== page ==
Serif vs. sans serif
|From:||Don Blaheta <dpb@...>|
|Date:||Wednesday, October 27, 1999, 16:38|
Quoth Kristian Jensen:
> If I were to be really picky, I'd much rather have a serif font. They
> seem to be much easier for me to read for some reason.
Legend has it that studies have been done showing that serif fonts are
easier to read. I would guess this has something to do with providing a
more distinctive shape for the eye to grok.
But as I think about it, very few real-world scripts (that I know of,
always a big disclaimer) have such a distinction. The Latin alphabet
does, of course, and Cyrillic and Greek; Hebrew I've not seen true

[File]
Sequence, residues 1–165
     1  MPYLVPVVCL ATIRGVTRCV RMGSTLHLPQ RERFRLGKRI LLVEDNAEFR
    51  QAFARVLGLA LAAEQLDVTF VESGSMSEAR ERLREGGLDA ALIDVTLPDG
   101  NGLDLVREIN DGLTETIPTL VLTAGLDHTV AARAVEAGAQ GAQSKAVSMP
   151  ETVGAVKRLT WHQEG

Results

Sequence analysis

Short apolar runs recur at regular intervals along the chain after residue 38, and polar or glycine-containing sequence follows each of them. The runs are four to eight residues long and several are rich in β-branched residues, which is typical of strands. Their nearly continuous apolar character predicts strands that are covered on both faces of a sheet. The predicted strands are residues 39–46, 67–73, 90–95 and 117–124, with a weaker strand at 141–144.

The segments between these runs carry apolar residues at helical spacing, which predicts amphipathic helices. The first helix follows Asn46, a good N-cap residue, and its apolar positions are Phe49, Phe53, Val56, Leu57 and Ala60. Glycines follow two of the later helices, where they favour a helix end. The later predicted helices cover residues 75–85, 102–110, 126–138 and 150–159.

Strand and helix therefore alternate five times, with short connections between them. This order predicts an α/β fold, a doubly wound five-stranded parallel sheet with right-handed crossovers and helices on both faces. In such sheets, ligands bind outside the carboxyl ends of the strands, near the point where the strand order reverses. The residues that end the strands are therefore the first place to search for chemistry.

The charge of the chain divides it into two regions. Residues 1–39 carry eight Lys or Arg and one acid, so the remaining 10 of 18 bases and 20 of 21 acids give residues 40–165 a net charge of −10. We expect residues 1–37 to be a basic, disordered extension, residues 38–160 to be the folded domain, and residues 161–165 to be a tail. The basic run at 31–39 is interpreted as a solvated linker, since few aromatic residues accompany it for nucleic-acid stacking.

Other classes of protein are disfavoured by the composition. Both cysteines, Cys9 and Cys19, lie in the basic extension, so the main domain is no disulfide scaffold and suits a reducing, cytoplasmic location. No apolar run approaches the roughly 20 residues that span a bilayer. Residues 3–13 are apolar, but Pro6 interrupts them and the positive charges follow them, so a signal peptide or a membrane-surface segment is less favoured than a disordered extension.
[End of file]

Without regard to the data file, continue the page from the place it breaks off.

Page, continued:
serifs on, but in the rabbinic variety it has well-defined widening and
narrowing of certain bits of each character, which probably serves the
same purpose. However, I've never seen serifed versions of, for
instance, Chinese or Japanese. I can't even imagine how one would add
serifs to Arabic.
Does anyone have serif/sans-serif (or similar) distinctions within their
"We are on the verge: Today our program proved Fermat's next-to-last
theorem." -- Epigrams in Programming, ACM SIGPLAN Sept. 1982